Volvo Meets DOE Energy Intensity Challenge

Volvo Trucks’ New River Valley manufacturing plant in Dublin, Virginia, reduced its energy intensity by nearly 30% in just one year, proving once again that all it takes is the will to make major improvements in energy use.

This makes it the first company to meet a 10-year challenge set by the U.S. Department of Energy (DOE), the Save Energy Now LEADER Program.

In October 2009, DOE challenged the U.S. industrial sector to significantly reduce its energy consumption.

Volvo Trucks in North America and 31 other major companies pledged to reduce their energy intensity per unit of production by 25% over 10 years.

Volvo’s New River Valley plant, which produces all its trucks for North America, reduced its MMbtu per truck (the DOE metric for energy intensity) from 79.64 in 2009 to 60.42 in 2010 – a 29.6% reduction.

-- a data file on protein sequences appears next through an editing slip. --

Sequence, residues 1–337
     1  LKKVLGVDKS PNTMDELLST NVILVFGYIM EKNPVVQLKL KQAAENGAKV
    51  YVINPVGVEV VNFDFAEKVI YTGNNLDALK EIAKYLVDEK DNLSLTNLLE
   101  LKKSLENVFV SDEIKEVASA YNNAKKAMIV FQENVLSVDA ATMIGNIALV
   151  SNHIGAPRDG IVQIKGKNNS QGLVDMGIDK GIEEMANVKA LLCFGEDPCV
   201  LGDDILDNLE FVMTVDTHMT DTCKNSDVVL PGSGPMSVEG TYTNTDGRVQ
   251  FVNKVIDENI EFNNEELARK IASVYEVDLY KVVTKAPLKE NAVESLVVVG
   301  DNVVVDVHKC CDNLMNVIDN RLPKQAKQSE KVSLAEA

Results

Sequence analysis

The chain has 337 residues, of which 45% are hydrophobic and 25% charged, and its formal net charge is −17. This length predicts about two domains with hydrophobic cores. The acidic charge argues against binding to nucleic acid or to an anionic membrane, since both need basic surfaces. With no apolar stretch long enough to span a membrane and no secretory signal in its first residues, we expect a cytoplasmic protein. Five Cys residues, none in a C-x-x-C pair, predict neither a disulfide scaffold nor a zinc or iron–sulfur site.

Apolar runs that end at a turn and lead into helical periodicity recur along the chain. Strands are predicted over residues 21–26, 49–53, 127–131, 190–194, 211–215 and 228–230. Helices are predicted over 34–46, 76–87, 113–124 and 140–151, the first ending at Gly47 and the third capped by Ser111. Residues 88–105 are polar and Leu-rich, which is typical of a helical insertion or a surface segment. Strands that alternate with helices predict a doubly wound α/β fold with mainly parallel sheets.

How did they do it? They simply established a team dedicated to making energy improvements. Team members agreed to pursue many small energy-saving tactics and also to attack the biggest energy-consuming processes, such as the paint operation.

They implemented standard green building features plant-side such as a building automation system that controls  temperatures and turns off lights; added solar PV, a passive solar wall and skylights; upgraded lighting fixtures (including LED), and installed infrared heaters and solar water heaters. 

They used the cost savings from these features to re-invest in further energy reduction strategies.

"To use a financial analogy, it’s not always easy to come up with an idea that saves $1,000, but it is usually possible to come up with 1,000 ideas that save one dollar each. In our case, we did both." says Chief Operating Officer Patrick Collignon, who served as vice president and general manager of the plant during the time in which the target was met.

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